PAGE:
Additionally, Turkey has had forces in northern Iraq since the 1990s seeking to hunt down PKK members and bases. However, it has expanded its presence through an operation dubbed “Claw” this year. It claimed to have killed 255 “terrorists” by July and launched a third portion of the operation in August. Turkey has also expanded airstrikes in Iraq to attack areas in Sinjar, the region that ISIS once committed genocide against Yazidis. Turkey claims local Yazidis joined PKK affiliates and carried out airstrikes in April 2017, August 2018 and November 2019. Turkey also carried out airstrikes near a refugee camp in Makhmour in December 2018. Only sixty kilometers from the Kurdistan Regional Government capital of Erbil, Turkey has pressured the KRG to clamp down on camp residents and alleged PKK members. There are questions now about how much Turkey’s presence will expand in northern Iraq and if it will become permanent.
Ankara’s role in northern Iraq is achievable due to its relations with the KRG. These relations, strained after a Kurdish referendum in September 2017 in northern Iraq, nevertheless hinge on economic and other ties. In November, the KRG’s prime minister went to Turkey to meet with Turkish officials.
In Syria, Turkey’s military role is conducted through agreements with Russia. It initially moved into an area near Jarabulus in operation Euphrates Shield to stop the SDF advance in August 2016 near Manbij. Then, after an understanding with Russia, it attacked the YPG in Afrin in January 2018, causing large numbers of Kurds to flee. Ankara set up twelve observation points in Idlib, eventually brokering a ceasefire deal with Russia in September 2018 to avoid a Syrian regime offensive against Turkish-backed Syrian rebels and extremist groups in Idlib. Turkey also helped transform the Syrian rebel and opposition groups into the Turkish-backed Syrian National Army on October 9, just days before Erdogan’s phone call with Trump got the United States to withdraw. The SNA has been controversial for its role in Turkey’s operation near Tel Abyad that was launched on October 9. Called “ill-disciplined” by the United States and accused of “ethnic cleansing,” more important for Turkey is that it can use former Syrian rebels to fight the YPG and achieve a ceasefire with Russia to allow Turkey to remain in northern Syria.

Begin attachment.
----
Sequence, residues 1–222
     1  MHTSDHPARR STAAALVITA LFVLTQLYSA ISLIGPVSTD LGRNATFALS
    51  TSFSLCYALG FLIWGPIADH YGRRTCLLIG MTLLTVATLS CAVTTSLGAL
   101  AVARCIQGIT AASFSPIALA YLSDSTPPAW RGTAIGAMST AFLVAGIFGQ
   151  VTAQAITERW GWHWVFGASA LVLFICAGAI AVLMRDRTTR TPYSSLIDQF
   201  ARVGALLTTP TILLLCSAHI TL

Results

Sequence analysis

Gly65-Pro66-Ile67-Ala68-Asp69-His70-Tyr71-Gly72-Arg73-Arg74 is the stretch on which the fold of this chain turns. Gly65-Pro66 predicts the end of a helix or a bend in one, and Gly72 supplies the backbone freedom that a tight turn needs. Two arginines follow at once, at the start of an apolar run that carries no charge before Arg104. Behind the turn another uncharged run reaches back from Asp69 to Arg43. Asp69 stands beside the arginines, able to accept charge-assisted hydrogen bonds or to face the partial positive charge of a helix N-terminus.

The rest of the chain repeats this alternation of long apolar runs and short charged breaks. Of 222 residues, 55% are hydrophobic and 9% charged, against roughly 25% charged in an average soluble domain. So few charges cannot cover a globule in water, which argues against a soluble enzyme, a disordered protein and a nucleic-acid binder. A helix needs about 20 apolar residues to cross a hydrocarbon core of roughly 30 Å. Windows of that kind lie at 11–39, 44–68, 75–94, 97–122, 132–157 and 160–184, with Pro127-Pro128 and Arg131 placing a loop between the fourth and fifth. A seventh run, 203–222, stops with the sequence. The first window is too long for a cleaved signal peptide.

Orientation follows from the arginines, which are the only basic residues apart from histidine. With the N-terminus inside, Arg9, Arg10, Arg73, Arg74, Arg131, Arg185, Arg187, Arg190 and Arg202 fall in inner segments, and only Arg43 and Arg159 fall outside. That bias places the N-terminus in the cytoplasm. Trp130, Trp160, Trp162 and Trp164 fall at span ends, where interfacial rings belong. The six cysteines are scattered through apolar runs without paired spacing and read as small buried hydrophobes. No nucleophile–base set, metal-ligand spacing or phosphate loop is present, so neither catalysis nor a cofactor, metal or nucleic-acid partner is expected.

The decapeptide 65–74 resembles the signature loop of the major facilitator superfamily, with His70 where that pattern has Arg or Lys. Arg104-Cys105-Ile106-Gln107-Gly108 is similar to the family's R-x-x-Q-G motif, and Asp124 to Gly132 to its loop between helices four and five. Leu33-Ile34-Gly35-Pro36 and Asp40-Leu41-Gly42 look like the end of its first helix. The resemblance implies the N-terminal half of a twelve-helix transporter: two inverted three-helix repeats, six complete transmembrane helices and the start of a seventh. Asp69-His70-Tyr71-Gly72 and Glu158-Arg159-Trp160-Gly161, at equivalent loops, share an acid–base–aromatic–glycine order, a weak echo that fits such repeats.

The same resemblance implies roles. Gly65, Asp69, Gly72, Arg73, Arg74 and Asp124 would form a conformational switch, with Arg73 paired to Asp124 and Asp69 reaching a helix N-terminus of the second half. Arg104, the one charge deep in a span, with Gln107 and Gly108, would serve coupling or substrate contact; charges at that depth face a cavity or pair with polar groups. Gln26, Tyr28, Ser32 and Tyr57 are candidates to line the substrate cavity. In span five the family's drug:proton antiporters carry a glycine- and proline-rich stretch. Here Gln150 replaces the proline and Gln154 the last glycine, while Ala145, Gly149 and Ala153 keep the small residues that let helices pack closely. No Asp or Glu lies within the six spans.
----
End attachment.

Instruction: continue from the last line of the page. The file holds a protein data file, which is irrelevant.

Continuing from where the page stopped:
Turkey’s military role in Syria and Iraq is increasing and unprecedented in the region. While other countries, such as Israel, conduct operations in disputed territories, and other countries are involved in military campaigns in neighboring states, such as Saudi Arabia in Yemen, Turkey’s expansive role in Syria and Iraq is now far beyond anything it did in the past, since the end of the Ottoman Empire. It has exploited weak neighboring states and agreements with Russia and the United States to conduct its operations. It has also relied on relations with Iran to do so. Iran supports the Assad regime in Damascus and is close to the Iraqi government in Baghdad. Turkey’s main agenda in both Iraq and Syria is to destroy the PKK or groups it considers linked to the PKK. This is an outgrowth of the 2015 breakdown in the ceasefire with the PKK and the ruling AKP party’s attempt at home to reduce the role of the People’s Democratic Party (HDP). Ankara has removed numerous HDP mayors, accusing them of “terrorism” and jailed HDP politicians.
While the conflicts in Iraq and Syria are primarily border conflicts extending around forty kilometers into the countries, with airstrikes going up to two hundred kilometers, Turkey’s role increasingly runs into its relations with Russia, Iran and NATO countries. On the Russian front, Turkey shot down a Russian warplane in 2015 and the Russian ambassador to Turkey was assassinated in 2016 in Ankara. However, since 2017, when Turkey and Russia agreed to the S-400 deal, the countries have become increasingly close. This involves not only military deals but also the TurkStream pipeline that goes to Turkey and also eastern Europe from Russia. Moscow has hosted the Astana Syrian peace process with Turkey and Iran and through that Moscow and Ankara appear to be seeing eye-to-eye more on Syria.
Turkey went to the London NATO summit demanding that the alliance recognize the YPG as a terrorist threat to Turkey that is linked to the PKK. Turkey presented no evidence of YPG attacks on Turkey, but it said that its approval of a NATO Baltics defense plan was dependent on the YPG issue. Turkey’s Foreign Minister Mevlut Cavasoglu said on December 6 that Turkey did not concede anything in London, even though it appears it did not get the YPG “terrorist” label it wanted. Ankara claims that threats to its borders are a threat to NATO and in the past it got NATO’s Secretary-General Jens Stoltenberg to pay lip service to Ankara’s security concerns and ask only that Ankara show restraint. He defended Turkey’s role in Syria in mid-October.